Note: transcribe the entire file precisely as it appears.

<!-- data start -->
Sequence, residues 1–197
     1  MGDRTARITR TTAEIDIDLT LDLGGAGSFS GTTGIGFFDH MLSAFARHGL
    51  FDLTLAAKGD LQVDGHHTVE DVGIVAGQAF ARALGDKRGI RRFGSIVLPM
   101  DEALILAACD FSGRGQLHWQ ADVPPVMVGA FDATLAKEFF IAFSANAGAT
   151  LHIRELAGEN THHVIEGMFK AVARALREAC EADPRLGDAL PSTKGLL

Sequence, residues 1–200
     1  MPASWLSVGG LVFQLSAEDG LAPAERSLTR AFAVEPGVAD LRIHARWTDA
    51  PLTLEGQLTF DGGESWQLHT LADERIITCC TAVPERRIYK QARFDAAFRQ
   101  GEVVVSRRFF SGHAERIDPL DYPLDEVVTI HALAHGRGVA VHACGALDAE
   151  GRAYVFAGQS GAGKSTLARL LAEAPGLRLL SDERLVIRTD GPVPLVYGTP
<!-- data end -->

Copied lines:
Sequence, residues 1–197
     1  MGDRTARITR TTAEIDIDLT LDLGGAGSFS GTTGIGFFDH MLSAFARHGL
    51  FDLTLAAKGD LQVDGHHTVE DVGIVAGQAF ARALGDKRGI RRFGSIVLPM
   101  DEALILAACD FSGRGQLHWQ ADVPPVMVGA FDATLAKEFF IAFSANAGAT
   151  LHIRELAGEN THHVIEGMFK AVARALREAC EADPRLGDAL PSTKGLL

Sequence, residues 1–200
     1  MPASWLSVGG LVFQLSAEDG LAPAERSLTR AFAVEPGVAD LRIHARWTDA
    51  PLTLEGQLTF DGGESWQLHT LADERIITCC TAVPERRIYK QARFDAAFRQ
   101  GEVVVSRRFF SGHAERIDPL DYPLDEVVTI HALAHGRGVA VHACGALDAE
   151  GRAYVFAGQS GAGKSTLARL LAEAPGLRLL SDERLVIRTD GPVPLVYGTP